RIT offers affiliated programs in more than 20 countries, including a Sea Semester program that allows students to study in multiple places, including Tahiti, the Marquesas, Lunenburg, and Bequia. Students can also spend a semester in Paris or Croatia specializing in film and photography.
At Nazareth College, students can even major in international studies, minor in international business, or take part in the college's Inter-Cultural Teacher Education programs in places like Wales, Ireland, or the Navajo Nation. MCC students can study Celtic mythology in the United Kingdom and Ireland, or Homer's epics on-location in Greece. The college also has affiliated study abroad programs through SUNY Brockport and SUNY Geneseo, as well as SyracuseUniversity. For specifics on all the programs your college has to offer, visit your school's website or stop by their study abroad office.
For this writer, studying abroad was one of the best decisions I ever made. I'll be paying back the expenses from the trip for years to come (about $22,000 by the time you add up tuition, living expenses, travel and everything else),but I don't care. The cost of the trip is something that will linger in the back of my mind for a while, but the trip itself, the friends I made, and the experiences I had will stand out in the forefront of my memory for the rest of my life. Ask anyone who's studied abroad and I'm sure they'll feel the same way. If you have studied abroad, let us know; share your experiences by commenting on this article at rochestercitynewspaper.com.
How to afford a study abroad trip
Take a trip to your school's study abroad office. Figure out which programs fit your wants and your needs, financially and academically. Remember, the people in these offices are there to help you, and they really know their stuff.
Seek out alternative study abroad programs. Many colleges allow students to transfer credits from affiliated programs, and some offer exchange programs, which tend to be cheaper because colleges aren't sacrificing a tuition-paying student for the semester. Do some independent research and see if you can't reduce overall costs by considering a different overseas option.
Visit the financial aid office. Many students who already qualify for aid on their home campus can transfer it to make a semester abroad more affordable.
Look for scholarships and grants. This is a good tip even if you're not planning to study abroad. You might not know it, but there are scholarships for everything. Some are worth more than others -- anywhere from a few bucks to thousands of dollars -- but every little bit helps. A good start is to visit fastweb.com, a subsidiary of monster.com. Once you've filled out a lengthy survey, fastweb will generate a list of scholarships, grants, and contests just for you. For scholarships specific to international education, and plenty of other useful resources, try studyabroad.com.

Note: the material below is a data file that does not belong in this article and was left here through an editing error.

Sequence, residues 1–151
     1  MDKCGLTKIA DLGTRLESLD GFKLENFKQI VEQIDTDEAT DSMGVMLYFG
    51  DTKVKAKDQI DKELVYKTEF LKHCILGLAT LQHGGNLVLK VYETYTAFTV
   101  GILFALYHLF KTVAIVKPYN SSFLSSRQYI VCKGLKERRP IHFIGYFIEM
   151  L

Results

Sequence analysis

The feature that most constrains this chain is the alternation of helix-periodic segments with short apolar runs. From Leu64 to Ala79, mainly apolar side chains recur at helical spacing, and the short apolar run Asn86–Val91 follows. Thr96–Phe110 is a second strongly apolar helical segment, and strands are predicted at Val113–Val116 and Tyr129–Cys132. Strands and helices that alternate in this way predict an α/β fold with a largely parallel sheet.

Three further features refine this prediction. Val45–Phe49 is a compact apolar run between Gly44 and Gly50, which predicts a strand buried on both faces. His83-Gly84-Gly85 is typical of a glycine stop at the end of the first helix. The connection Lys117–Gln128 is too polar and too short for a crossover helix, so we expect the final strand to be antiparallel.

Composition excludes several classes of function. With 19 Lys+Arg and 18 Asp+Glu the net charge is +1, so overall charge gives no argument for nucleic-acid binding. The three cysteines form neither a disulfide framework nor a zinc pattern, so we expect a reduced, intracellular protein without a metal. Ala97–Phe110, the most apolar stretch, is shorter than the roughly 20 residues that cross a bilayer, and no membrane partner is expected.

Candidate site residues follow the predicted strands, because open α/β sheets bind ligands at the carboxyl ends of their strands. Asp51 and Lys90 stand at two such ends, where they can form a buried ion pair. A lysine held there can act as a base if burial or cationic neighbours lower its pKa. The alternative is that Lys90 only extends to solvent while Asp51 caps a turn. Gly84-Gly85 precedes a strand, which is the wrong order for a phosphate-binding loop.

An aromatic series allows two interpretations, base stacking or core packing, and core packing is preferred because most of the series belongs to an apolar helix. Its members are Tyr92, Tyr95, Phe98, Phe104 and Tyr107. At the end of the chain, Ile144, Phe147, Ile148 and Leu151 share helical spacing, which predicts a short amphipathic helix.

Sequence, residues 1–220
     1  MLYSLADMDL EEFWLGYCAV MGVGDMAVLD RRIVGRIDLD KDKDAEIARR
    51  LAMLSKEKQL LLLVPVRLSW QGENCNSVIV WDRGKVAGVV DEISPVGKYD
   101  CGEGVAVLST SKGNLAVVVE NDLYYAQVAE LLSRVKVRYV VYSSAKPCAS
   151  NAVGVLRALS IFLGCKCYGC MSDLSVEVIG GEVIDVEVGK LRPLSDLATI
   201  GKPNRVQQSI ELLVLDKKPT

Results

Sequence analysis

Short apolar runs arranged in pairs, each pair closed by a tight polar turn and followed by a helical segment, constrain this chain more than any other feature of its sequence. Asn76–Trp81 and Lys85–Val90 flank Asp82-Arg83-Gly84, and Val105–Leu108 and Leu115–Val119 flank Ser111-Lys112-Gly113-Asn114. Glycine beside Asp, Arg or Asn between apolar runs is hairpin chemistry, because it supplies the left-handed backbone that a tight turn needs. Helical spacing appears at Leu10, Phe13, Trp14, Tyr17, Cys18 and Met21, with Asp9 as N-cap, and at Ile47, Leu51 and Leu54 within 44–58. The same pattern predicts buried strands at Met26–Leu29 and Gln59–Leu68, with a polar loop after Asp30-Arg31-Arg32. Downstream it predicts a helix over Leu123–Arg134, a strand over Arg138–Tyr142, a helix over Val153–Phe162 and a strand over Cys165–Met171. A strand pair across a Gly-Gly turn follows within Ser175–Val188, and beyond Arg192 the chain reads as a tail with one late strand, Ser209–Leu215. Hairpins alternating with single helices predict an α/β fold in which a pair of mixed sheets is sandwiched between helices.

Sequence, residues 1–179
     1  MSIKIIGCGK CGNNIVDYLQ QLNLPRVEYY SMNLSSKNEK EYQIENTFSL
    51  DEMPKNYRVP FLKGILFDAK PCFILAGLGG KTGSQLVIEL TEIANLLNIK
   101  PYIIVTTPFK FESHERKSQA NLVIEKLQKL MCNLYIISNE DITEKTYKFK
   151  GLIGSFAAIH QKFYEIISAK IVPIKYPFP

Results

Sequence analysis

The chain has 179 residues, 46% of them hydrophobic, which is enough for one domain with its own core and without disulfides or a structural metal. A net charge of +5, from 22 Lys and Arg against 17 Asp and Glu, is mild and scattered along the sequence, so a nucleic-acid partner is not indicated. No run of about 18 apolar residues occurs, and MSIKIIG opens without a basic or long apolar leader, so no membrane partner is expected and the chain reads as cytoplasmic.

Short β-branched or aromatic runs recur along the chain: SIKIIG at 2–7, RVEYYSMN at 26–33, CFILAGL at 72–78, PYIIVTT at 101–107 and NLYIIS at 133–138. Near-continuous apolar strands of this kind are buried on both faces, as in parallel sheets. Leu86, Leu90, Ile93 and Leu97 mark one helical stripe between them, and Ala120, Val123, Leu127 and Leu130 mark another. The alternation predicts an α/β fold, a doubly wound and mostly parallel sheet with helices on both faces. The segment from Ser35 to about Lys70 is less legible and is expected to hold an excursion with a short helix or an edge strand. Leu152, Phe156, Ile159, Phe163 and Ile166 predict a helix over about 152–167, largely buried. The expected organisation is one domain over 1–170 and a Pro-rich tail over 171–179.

Don't pay for credits you don't need. Colleges offer all sorts of cool courses for students who go abroad, but why not knock off some of those graduation requirements while you're overseas? Make sure to take a fun elective or two (hey, you've gotta have at least some fun) but try to earn credits toward your degree too so you don't add to the financial burden down the road.
Set up a "study abroad" bank account. If you know you want to study abroad, set up a separate bank account and start saving now. Set aside a $10 a week and put it into the account. You could even ask family members and friends to donate to your study abroad fund in lieu of birthday or Christmas gifts.
Some additional tips:
Once you've decided to go abroad, keep an eye on the exchange rate and ask your study abroad office for a cost estimate (tuition, room, board, etc). It might not even be a bad idea to have a rough monthly budget in mind for your time outside the country.
Keeping track of your spending is crucial when you're abroad. Make sure you talk to your bank and credit card company before you leave, and let them know where you'll be going, when, and for how long. Nothing is more stressful than being in a foreign country and not being able to withdraw money from an ATM or use your credit card.
Take advantage of student discounts. Depending on where you go and what kind of program you're enrolled in, you can get special international student cards that will save you money every time you go to a museum, buy theater tickets, or ride the train. For more information on international student discount cards, check out isecard.com, or talk to your study abroad director.
Travel. I can't stress this one enough. Staying in your host country can be great -- you definitely don't want to miss out on anything there -- but you can go elsewhere too. Spend a weekend in another country and see what it has to offer. Sites like lastminute.com and hostelworld.com can help you find cheap flights, train tickets, hostels, and hotels. It may seem counter-intuitive, but it was a lot cheaper for me to fly to anywhere in Europe from London than it ever would be from Rochester. It may be an additional financial burden in the short run, but you might never get the opportunity to travel like this again.